Liz's silk scarves

Liz showed us some of her recent work. Liz is a very skillful dyer as well as weaver, and her multi-coloured warps are always gorgeous. She is able to manage warp colour variations, weft colour and drafts to create a lot of variety.

Liz's mixed yarn shawl

Liz has a Serious Stash of yarn – lots of silk and wools, and also lots of novelty yarns. She has a gift in combining them – thick, thin, textured, multiple colours – all together in one warp. Somehow she puts it all together into a single, cohesive whole that drapes beautifully and is full of visual interest. Liz has explained her process and makes it sound easy (well, not incredibly hard) – but I think the key is her skill and eye for colour.
Liz also brought some of her double weave, another of her specialities, but unfortunately my photos were particularly ordinary so I won’t include them.
No weaving for me at the moment – I’m having somewhat unexpected fun, stitching. A subject for another post.

Not a lot to show…

… given how much I’ve been doing.

A couple of photos – but given this is a kind of diary for me I’m staying mostly chronological.

Last weekend I attended a Collaboration in Experimental Design Research Symposium at COFA (College of Fine Arts). It only touched on weaving obliquely – for example while focusing on collaboration, Dr June Ngo Siok Kheng’s talk “Improving lives through Songket Weaving” discussed the work at the Yayasan Tuanku Nur Zahirah had some slides of beautiful work. She also talked about her experimentation combining batik and weaving, using batik techniques (ie wax resist) to dye the yarns. If I thought my little experiments in ikat were tricky, imagine handling and beaming a warp dyed like that! Anyway, although thoroughly out of my comfort zone I found a lot of interest.

Wednesday evening was a talk by Amanda Talbot at the Powerhouse Museum – “Preserving the Past to Make Our Future Happen“. To my taste her focus seemed to be a bit much on the value to designers (finding a source of ideas, interest and commercial difference) than the craftsmanship and preservation side. However I liked the parts about fine craftsmanship as an alternative to the homogenized mass produced articles. Amanda was very strong on the importance of provenance and narrative, and the overtones of integrity, sustainable, ethical – all in the interests of making the consumer feel good and giving the designer a point of difference.

Thursday was more fun – out to the Weavers and Spinners to work on planning for our 65th anniversary next year. (An aside – the weaving-equipment-available-for-loan area was unusually empty – apparently a dozen or so table looms had been borrowed by COFA for their students. Which makes me think (a) it’s great they are giving their students this experience; and (b) what, don’t they maintain this facility themselves?? Must ask Liz Williamson, Head of the School of Design Studies there and an amazing weaver herself, next time I see her).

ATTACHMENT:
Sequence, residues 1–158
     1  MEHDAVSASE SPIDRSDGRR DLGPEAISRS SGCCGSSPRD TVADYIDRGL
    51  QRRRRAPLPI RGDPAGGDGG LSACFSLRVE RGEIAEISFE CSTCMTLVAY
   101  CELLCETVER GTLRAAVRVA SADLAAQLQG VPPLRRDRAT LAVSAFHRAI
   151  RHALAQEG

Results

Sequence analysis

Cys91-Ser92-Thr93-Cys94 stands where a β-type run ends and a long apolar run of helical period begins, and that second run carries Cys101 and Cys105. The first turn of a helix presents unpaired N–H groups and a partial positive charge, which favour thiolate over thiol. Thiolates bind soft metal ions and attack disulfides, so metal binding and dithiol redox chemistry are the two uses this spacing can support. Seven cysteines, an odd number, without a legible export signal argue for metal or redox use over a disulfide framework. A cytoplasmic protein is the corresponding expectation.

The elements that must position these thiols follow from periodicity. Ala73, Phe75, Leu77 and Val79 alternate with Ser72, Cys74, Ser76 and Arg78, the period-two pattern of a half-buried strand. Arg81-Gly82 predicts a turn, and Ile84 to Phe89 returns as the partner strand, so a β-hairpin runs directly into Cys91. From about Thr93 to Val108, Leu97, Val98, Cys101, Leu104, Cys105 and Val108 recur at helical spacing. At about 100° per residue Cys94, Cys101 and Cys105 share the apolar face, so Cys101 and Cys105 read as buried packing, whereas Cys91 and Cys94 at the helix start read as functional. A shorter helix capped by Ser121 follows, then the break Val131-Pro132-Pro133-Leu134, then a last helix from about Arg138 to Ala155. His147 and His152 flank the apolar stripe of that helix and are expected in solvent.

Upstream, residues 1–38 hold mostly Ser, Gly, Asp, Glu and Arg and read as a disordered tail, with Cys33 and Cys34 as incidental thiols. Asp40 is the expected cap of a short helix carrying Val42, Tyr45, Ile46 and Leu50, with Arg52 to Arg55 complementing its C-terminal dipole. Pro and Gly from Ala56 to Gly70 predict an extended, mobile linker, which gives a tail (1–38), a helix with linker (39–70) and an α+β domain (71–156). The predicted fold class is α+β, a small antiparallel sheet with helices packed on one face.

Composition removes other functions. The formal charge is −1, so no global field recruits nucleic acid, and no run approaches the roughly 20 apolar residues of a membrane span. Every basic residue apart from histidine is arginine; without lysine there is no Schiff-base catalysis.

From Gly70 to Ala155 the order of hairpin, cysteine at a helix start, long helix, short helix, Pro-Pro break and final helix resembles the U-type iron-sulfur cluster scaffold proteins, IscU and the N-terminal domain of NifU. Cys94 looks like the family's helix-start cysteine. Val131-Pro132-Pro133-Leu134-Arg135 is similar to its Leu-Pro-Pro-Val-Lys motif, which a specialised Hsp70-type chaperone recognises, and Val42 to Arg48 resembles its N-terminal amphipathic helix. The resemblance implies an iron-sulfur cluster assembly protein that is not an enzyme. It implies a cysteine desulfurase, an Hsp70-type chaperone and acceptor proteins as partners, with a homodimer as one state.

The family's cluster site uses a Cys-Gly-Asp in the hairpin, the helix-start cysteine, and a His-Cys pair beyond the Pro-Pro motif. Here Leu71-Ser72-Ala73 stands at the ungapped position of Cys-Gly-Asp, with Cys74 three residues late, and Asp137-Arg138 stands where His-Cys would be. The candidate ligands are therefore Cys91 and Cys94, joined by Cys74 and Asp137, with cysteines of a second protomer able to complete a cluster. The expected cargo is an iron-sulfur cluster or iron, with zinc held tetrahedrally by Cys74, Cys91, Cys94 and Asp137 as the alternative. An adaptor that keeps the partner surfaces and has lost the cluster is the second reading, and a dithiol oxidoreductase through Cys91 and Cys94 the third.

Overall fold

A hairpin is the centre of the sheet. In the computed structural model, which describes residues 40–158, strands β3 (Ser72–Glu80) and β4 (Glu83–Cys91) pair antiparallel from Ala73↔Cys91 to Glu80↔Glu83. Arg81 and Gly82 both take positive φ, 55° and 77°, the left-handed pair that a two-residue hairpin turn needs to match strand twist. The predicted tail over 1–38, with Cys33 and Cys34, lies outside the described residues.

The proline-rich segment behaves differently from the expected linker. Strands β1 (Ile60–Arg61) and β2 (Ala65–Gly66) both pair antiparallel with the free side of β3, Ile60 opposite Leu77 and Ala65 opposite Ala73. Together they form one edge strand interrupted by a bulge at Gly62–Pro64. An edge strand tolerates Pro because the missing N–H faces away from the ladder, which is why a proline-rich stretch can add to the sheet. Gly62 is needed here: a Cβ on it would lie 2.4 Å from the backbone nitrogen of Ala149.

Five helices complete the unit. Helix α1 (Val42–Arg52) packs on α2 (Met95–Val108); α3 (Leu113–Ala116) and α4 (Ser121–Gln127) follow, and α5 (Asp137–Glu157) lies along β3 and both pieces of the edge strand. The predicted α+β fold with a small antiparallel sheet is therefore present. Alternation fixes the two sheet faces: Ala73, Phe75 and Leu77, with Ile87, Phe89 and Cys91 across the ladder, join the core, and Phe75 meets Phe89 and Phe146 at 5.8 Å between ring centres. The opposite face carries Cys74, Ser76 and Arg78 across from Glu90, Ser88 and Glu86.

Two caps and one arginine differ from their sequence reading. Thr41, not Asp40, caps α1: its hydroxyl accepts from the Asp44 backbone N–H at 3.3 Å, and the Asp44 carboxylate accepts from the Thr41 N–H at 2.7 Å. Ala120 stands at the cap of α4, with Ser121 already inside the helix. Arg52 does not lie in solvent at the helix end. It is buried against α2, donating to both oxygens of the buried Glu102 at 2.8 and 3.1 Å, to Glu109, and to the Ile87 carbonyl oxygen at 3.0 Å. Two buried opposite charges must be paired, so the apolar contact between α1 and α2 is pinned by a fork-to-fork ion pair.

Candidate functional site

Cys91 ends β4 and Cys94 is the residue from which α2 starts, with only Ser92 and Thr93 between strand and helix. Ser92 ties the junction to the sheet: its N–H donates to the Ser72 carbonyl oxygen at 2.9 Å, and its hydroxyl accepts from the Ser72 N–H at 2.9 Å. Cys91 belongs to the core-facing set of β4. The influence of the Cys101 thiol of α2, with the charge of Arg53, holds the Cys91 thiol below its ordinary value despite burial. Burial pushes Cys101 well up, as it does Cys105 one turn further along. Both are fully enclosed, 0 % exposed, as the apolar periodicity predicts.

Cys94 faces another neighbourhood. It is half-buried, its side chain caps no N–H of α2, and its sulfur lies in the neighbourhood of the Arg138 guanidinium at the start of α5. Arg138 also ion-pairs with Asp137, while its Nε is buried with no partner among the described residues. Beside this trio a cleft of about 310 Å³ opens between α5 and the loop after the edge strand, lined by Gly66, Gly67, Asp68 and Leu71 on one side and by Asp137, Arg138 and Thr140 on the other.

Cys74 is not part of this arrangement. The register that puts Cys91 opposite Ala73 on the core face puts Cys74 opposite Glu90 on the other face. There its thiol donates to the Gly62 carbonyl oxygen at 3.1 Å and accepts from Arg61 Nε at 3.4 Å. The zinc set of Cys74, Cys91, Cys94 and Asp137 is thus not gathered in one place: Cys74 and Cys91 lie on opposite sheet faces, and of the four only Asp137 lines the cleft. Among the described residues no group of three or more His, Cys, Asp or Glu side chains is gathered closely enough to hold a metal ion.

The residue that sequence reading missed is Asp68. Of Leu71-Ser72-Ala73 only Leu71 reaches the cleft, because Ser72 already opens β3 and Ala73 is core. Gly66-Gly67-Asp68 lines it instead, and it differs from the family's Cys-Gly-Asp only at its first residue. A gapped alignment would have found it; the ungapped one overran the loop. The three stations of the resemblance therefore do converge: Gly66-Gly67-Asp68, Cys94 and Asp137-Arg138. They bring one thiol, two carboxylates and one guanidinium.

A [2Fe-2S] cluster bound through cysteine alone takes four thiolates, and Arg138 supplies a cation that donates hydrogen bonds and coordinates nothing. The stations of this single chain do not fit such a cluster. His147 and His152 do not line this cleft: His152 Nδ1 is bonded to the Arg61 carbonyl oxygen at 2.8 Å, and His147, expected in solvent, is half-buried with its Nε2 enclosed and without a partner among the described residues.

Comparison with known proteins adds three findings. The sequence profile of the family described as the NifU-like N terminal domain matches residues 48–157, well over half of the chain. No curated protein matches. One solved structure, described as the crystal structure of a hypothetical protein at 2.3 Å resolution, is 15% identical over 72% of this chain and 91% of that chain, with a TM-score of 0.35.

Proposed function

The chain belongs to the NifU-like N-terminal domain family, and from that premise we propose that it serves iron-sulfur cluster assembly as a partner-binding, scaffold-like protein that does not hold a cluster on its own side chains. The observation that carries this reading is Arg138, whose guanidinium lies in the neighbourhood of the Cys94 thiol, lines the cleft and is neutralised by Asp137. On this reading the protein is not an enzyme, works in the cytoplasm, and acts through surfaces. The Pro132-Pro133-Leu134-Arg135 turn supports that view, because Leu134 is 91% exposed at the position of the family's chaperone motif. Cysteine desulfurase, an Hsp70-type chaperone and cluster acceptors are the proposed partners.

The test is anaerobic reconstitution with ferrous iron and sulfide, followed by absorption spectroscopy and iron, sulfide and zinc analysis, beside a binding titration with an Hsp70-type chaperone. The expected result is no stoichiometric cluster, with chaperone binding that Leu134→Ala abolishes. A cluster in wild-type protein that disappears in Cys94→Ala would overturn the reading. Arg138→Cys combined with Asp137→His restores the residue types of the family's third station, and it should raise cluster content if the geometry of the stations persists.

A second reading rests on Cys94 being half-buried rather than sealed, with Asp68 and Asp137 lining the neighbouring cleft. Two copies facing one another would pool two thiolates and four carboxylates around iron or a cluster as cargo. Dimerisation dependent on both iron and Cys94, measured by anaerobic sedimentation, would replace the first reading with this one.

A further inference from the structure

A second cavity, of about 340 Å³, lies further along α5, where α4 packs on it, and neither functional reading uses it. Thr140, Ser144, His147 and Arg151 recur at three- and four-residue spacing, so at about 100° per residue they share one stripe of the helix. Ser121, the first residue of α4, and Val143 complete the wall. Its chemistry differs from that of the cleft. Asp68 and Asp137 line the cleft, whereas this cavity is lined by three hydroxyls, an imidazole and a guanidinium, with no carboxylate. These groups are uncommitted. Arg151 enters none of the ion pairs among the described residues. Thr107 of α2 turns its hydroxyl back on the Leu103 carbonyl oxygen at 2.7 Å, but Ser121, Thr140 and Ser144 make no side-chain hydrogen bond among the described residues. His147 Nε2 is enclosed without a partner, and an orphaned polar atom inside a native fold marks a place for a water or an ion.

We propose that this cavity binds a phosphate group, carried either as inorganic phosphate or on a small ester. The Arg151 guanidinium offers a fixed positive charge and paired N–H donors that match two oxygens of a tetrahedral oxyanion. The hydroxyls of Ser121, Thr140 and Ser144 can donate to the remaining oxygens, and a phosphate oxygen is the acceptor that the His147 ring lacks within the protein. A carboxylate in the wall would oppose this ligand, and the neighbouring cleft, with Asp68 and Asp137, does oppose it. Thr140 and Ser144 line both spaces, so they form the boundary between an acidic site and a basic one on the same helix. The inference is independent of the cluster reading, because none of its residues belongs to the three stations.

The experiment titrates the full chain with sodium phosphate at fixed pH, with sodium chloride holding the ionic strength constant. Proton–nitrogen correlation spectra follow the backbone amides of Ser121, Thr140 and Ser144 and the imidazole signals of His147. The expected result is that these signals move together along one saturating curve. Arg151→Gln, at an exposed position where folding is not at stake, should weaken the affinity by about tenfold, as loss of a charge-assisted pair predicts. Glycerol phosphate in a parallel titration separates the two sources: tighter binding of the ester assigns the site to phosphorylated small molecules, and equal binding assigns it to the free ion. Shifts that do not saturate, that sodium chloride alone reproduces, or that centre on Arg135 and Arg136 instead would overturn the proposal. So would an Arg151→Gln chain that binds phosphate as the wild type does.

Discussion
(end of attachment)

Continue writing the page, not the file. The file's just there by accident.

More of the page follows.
Friday was a visit to the Art Gallery NSW. For the last few years my birthday-cum-christmas gift to mum has been a joint membership, and we always have a great time there. Friday was a bumper visit – not only our usual gossip (lunch and afternoon tea required), but our first view of the new contemporary galleries. Not mum’s standard cup of tea, nor mine necessarily, but work by Simryn Gill – a series of photographs of where she’d shredded books and the strips of text looked like part of the natural environment – was really interesting and broke down our reservations. Add in the tribute to Margaret Olley (a very well known Australian artist) and exhibitions of works by Antonio Dattilo-Rubbo (previously unknown to me, but obviously very influential in the Sydney art scene in the first half of the last century) and David Aspden (also new to me, and I hope it’s not demeaning to his work to say quite a few looked like they could become wonderful textile designs), and mum and I left exhausted, happy and telling each other how lucky we are to have this institution in our city.

Friday was also – major drumroll here – the day I formally enrolled in the Open College of the Arts, in particular Textiles 1 – A Creative Approach. I don’t really know what this will mean or how far I’ll go (seems like a realistic minimum of 7 years to achieve the BA Hons Textiles, but then it took me around 8 years part-time to get my BSc in computer science) – I guess as long as I’m interested, learning and enjoying it. It does help explain some of the flurry of activity above. Studying at a distance, I think it will be important to meet and listen to people, see things directly, extend myself beyond the core course material (I’m sure OCA encourage/require this). Plus studying through a UK-based institution and faculty, I think it is very important for me personally to keep being Australian and living in Sydney front and centre. Beyond this, it will take a couple of weeks for the course material to arrive and I don’t know what it all means – including to this blog, since they recommend using a blog as a learning log.